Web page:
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4 Reasons Alcohol Won’t Bring You Sweet Dreams

4 Reasons Alcohol Won' class=

After a long hard day at the office, a nice glass of wine or shot whiskey can easily become a part of your bedtime routine. However, alcohol and high-quality sleep simply don’t mix.

The Huffington Post shared the results of a review of 20 studies that was conducted in April of 2013. By analyzing data from 500 volunteers who drank in the name of science and then slept in sleep lab for brainwave recordings, researchers learned the why alcohol is so disruptive to shut-eye.

Too much alcohol interrupts REM sleep, which is important for memory and concentration. As alcohol wears off during the second part of the night, sleep is disrupted, often times causing people to wake up. Sweating, feeling anxious, and nightmares are all common when alcohol and sleep interact. Other things you should know before you decide a nightcap is the way to go are:

Frequent trips to the bathroom are a consequence: Alcohol is a powerful diuretic; those extra urges to go the bathroom aren’t all in your mind. And keep in mind that an effort to soak up alcohol with fried foods and prevent a hangover, doesn’t work. It just leads to acid reflux and other sleep problems.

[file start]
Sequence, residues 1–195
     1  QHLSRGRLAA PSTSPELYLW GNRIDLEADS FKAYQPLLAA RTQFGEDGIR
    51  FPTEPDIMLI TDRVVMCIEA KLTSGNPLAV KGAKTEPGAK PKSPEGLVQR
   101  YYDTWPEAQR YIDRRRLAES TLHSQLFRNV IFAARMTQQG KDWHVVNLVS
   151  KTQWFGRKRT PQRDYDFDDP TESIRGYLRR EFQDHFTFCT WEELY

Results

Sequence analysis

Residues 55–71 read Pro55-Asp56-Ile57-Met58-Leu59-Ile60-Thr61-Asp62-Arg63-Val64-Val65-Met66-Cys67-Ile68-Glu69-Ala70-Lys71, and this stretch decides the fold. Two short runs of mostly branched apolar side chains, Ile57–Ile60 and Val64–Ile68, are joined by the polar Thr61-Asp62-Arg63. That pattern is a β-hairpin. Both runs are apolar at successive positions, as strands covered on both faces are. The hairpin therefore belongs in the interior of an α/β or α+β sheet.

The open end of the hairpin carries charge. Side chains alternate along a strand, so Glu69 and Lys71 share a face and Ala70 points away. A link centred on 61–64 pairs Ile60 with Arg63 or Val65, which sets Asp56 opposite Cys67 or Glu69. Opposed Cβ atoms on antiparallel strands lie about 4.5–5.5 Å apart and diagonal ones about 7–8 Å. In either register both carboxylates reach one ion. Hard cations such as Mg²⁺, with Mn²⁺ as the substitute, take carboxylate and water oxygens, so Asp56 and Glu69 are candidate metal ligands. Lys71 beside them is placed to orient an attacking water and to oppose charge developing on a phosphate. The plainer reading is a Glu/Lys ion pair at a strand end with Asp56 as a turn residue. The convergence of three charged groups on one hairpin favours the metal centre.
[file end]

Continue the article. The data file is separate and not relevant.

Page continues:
Alcohol makes current sleep problems worse: Breathing-related sleep issues, such as sleep apnea, are especially affected. People with sleep apnea stop breathing for short periods of time during sleep when their airway is blocked. Alcohol decreases muscle tone in the upper airway, making airways especially collapsible, leading to worsened snoring and even more potentially dangerous health risks.

For women, drinking is especially disruptive: In a 2011 study, researchers had participants drink until everyone was equally intoxicated (drinks were adjusted for gender and weight, while intoxication was measured by breath alcohol content. Female participants stayed awake longer, woke up more times during the night and overall slept less, compared to men. Women metabolize alcohol more quickly, which means the sedative effects of alcohol faded quickly, causing them to arrive at the second, fragmented part of sleep faster.

Alcohol reacts badly with sleep aids, both prescription and natural: The warning labels on prescription and over-the-counter sleep medications are there for a reason. It is possible for a person to stop breathing during the night if they mix alcohol with sleep medications. Natural sleep aids such as melatonin, don’t combine well either with alcohol, as the sedative effects of each will be increased by each other.

What we eat and drink throughout the day does have a huge impact on sleep, especially the closer we get to bedtime, be careful what you’re consuming!

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